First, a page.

We're working on our new website. Share us your thoughts and ideas

Recipes from Rome: Savor surprise found in every supplì, make your own


There are many things about Rome that are truly amazing: The fact that it’s been a city for almost 3,000 years, the amount of dogs there are or how sometimes you just stumble into a church and there’s a Michelangelo statue right in front of you.

Another enchanting element of the eternal city is that you can’t take more than a few steps without finding a place that sells supplì — although I can’t guarantee this is a fact. I only have anecdotal evidence.

Supplì are a type of Roman riceball — oval-shaped balls of rice mixed with tomato sauce and stuffed with mozzarella, then deep-fried. They’re sometimes called “supplì al telefono” because of the way the melted cheese looks like a telephone cord going between the supplì and your mouth.

Supplì got their name from the Italian pronunciation of the French word for “surprise,” because supplì are always stuffed with a little surprise. Years ago, the stuffing was usually some type of organ meat like chicken liver, but today the most common supplì stuffing is a cube of mozzarella, and sometimes some meat sauce.

Supplì are one of the few foods that you’ll frequently see people eating in the street in Rome. Wrapped in parchment paper, they make the perfect little lunch or snack. My friends and I love them so much that we decided to make them at home.

In theory, supplì are pretty simple — make a tomato-y risotto, form the supplì and stuff with cheese, dip in eggs, then bread crumbs, then deep fry. However, making them in a narrow-shaped kitchen with four girls really turns it into an adventure. I recommend gathering some friends and frying up a batch of supplì together — for Galentine’s day, perhaps?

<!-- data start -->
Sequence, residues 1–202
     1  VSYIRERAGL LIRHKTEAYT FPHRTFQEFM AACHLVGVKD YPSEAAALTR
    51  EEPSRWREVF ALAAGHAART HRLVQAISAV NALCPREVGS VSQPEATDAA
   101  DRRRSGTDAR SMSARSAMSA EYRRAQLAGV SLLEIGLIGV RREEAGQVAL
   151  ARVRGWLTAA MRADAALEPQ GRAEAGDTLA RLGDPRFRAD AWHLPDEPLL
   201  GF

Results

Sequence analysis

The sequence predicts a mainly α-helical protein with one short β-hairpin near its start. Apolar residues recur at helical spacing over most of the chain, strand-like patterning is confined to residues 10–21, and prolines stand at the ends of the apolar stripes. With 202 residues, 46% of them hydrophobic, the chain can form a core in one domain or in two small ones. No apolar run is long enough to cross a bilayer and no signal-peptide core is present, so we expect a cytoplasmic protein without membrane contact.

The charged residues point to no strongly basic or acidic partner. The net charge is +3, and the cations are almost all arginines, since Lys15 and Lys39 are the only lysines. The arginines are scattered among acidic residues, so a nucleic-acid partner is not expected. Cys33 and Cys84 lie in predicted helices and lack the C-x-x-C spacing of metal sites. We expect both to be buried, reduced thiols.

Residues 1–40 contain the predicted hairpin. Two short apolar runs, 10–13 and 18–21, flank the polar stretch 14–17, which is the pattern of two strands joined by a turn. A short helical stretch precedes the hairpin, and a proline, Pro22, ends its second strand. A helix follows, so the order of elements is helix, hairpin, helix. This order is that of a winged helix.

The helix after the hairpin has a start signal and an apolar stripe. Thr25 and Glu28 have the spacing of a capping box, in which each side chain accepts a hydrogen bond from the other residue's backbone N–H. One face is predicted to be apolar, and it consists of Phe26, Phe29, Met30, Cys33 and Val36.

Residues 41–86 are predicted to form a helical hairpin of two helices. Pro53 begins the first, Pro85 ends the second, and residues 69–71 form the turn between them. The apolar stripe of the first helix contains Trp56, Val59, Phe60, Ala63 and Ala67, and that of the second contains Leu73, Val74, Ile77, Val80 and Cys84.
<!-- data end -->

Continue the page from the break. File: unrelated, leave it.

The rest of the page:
Supplì Recipe


1 cup arborio rice (very important, arborio rice has a higher starch content so it will stay together when you make the rice ball)

5 oz. crushed tomato

1 large mozzarella, cut into ½ inch cubes

2 eggs

1 cup breadcrumbs

Canola oil



1. Put a pot of about 4 cups of water on the stove to boil.

2. Cook the rice and tomato in a large pan together with a big pinch of salt over medium heat.

3. When the water is boiling, add a ladleful to the pan with the rice. Stir until the water is absorbed. Repeat this process, adding a ladle of water and stirring, until the rice is cooked, about 15-20 minutes. You won’t need all of the water.

4. Put the rice on a plate and let it rest until it is cool enough to handle.

5. In the meantime, set up your frying station. Near the stove, set out a bowl with 2 beaten eggs, 1 cup of breadcrumbs seasoned with salt and a bowl of water for your hands. Put a medium sized pot on the stove and fill about 2 inches with canola oil. Set out a baking sheet next to the stove lined with paper towels to absorb grease, and get yourself a tool that you can use to take the supplì out of the oil with — a slotted spoon will work.

6. Begin forming the supplì. Take a small handful of rice in your hand and flatten it until it covers your hand like a thin rice patty. Place one cube of mozzarella in the center and close your hand around it, forming an oval shaped ball. You will probably have to use your other hand as well. Practice makes perfect.

7. Dip the supplì into the eggs, then roll in breadcrumbs. Place on a tray until ready to fry.

8. Heat the oil to about 350 degrees Fahrenheit. If you don’t have a thermometer you can use a cube of bread — if it bubbles immediately and vigorously when dropped in the oil, the oil is hot enough.

9. Fry the supplì in batches, two or three at a time, until they are golden brown. It is important that the oil is not too hot, otherwise, the supplì will burn before the cheese inside melts.

10. Remove supplì to a paper towel-lined tray and sprinkle with salt. Eat immediately.

Comments powered by Disqus

Please note All comments are eligible for publication in The Daily Targum.

Support Independent Student Journalism

Your donation helps support independent student journalists of all backgrounds research and cover issues that are important to the entire Rutgers community. All donations are tax deductible.